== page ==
Can I change the ISO of film midway through the roll?

7 min read

Every roll of film comes with an ISO value on the box that photographers treat as their gospel. But there will always be situations where that one single number can become limiting, such as when you’re the type of photographer who keeps the same roll in their camera for a month or longer. Chances are, the conditions are going to change out of that film’s favor at least once. 

I’m the type of photographer who likes to take everything to the extreme. Over the years, I’ve pushed (and pulled) the limits of my film stocks in many situations and have learned a lot about how this medium operates.  

So that leaves the question, can you change the ISO of your film? 

It is possible to change the ISO of your negative film both before shooting and mid-roll. Most negative film can be exposed 1 stop over and under on the same roll and developed normally without ruining the images on the roll.

Most color negative and black and white films contain enough dynamic range to tolerate changes in exposure without reducing the image quality or needing to push or pull your film in development. That means if you’re shooting a roll of Tri-X, you can shoot the same roll between ISO 200 and ISO 800 without changing the way you develop it.

However, color positive (also known as slide film) does not have good exposure tolerance and should always be shot as close to box speed as possible.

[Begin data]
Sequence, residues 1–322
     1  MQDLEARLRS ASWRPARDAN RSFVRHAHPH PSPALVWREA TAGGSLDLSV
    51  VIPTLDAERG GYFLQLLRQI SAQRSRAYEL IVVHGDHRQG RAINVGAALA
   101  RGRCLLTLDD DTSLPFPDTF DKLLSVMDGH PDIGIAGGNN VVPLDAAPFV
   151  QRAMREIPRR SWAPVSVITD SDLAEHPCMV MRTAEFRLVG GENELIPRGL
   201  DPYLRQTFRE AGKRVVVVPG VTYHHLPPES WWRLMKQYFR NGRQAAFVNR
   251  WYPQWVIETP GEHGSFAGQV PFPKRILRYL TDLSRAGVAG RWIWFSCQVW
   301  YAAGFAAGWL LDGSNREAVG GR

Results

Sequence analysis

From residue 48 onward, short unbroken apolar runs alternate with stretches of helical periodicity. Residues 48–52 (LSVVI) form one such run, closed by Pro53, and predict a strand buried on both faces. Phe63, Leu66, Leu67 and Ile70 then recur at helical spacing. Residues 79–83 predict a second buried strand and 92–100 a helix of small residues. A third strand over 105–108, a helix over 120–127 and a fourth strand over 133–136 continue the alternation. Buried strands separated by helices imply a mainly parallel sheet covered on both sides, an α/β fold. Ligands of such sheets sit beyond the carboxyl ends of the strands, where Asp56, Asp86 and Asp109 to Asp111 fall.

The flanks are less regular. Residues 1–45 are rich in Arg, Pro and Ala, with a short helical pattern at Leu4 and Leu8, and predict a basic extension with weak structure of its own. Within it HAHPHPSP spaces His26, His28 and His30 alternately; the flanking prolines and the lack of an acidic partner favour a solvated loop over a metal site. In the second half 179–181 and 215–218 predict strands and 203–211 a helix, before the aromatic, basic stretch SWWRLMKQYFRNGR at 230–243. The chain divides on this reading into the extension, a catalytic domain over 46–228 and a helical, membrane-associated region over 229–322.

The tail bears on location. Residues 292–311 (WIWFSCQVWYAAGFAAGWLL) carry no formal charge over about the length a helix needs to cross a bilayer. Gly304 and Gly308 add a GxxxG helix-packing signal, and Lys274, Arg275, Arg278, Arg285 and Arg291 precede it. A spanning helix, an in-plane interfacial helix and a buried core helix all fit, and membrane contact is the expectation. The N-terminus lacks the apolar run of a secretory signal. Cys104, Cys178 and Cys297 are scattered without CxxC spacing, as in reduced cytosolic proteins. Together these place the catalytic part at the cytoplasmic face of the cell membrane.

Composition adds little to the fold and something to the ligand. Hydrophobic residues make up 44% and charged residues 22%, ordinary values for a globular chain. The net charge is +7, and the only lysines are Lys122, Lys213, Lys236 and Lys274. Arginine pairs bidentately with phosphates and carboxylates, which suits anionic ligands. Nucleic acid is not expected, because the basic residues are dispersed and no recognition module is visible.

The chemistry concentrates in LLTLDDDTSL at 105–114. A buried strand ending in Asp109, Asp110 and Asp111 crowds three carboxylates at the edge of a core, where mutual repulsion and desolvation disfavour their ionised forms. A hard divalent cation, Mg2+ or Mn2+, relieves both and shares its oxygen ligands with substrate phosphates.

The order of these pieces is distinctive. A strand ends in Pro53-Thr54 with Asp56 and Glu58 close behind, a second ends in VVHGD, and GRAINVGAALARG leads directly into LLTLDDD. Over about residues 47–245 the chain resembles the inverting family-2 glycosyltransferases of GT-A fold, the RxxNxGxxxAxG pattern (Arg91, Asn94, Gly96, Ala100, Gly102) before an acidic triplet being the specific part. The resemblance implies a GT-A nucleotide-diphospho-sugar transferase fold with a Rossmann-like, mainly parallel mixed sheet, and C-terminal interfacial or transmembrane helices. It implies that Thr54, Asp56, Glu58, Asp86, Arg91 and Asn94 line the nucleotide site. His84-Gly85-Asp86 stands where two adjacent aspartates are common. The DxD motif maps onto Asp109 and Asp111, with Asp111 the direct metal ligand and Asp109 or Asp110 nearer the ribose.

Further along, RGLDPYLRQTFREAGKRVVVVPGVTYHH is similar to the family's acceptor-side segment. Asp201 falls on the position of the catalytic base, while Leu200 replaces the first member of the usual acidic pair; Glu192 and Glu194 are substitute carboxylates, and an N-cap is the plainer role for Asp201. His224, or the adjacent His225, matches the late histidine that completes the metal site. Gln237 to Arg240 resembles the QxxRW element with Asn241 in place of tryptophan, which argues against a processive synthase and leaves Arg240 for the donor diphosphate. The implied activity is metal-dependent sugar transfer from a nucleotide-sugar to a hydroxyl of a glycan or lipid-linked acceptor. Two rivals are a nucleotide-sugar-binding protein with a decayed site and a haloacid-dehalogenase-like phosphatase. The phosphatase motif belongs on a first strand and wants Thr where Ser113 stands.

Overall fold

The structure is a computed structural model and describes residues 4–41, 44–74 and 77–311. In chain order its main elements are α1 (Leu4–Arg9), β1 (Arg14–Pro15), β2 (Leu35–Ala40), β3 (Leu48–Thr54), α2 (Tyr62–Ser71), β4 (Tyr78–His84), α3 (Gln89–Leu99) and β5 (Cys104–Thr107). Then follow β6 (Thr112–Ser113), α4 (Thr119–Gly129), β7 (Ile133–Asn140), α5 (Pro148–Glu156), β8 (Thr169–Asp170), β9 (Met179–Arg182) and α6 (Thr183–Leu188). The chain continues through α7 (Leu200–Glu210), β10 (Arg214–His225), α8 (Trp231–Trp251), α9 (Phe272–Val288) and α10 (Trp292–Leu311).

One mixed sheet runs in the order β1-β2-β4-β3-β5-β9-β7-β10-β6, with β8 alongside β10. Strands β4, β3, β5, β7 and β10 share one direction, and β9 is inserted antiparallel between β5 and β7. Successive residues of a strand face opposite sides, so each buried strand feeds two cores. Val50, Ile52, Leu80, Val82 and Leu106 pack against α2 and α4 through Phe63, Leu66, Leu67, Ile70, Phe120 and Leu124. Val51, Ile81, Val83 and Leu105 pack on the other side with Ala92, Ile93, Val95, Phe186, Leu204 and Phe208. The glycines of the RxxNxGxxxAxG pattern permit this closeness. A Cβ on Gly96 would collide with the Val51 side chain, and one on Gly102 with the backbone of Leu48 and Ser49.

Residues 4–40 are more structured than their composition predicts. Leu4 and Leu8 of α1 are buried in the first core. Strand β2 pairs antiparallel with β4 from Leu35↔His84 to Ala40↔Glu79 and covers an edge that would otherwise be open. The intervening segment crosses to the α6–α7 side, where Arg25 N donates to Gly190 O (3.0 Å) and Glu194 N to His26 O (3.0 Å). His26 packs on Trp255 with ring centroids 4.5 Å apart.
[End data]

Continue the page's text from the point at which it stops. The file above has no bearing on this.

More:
HP5 has some of the best pushing tolerance in the entire film industry.

Which films have the most exposure tolerance? 

Not all film is created equally. Some film stocks will tolerate changes in exposure more than others. 

The absolute best color films for exposure tolerance are film stocks like Kodak Portra 400, Portra 160, as well as Kodak Vision cinema films. For black and white, the film with the single best exposure tolerance is Ilford HP5+, XP2, and Delta 3200 (which you can find on Amazon here). All of these films can tolerate being shot between 1 stop underexposed and 2 stops overexposed on the same roll and developed normally. 

Color films are especially tolerant of overexposure, and can often be overexposed by up to 3 stops without seeing much of a difference in image quality. This has to do with the C41 process. Color dyes don’t typically block up as badly as silver in black and white films, allowing for more tolerance. Of course, at a certain point, color film will still look flat if it’s overexposed too much.  

These two are pulling this roll of HP5 like pros! This is how you do it, kids.

How do I change the ISO of my film mid-roll? 

How you change the ISO mid-roll will depend on your camera. 

If you have manual control over your camera, simply make your shutter speed faster or slower than what your light meter says. On automatic cameras, you may be able to change the ISO mid roll, although some cameras will not allow this change. 

If your camera doesn’t allow you to change the ISO mid-roll, then you will have to use exposure compensation to trick your camera into using a different shutter speed than the meter recommends. 

This image was severely overexposed, leading to some highlight blocking and graininess. However, it’s still a nice shot overall!

Can I overexpose film that I plan to push in development?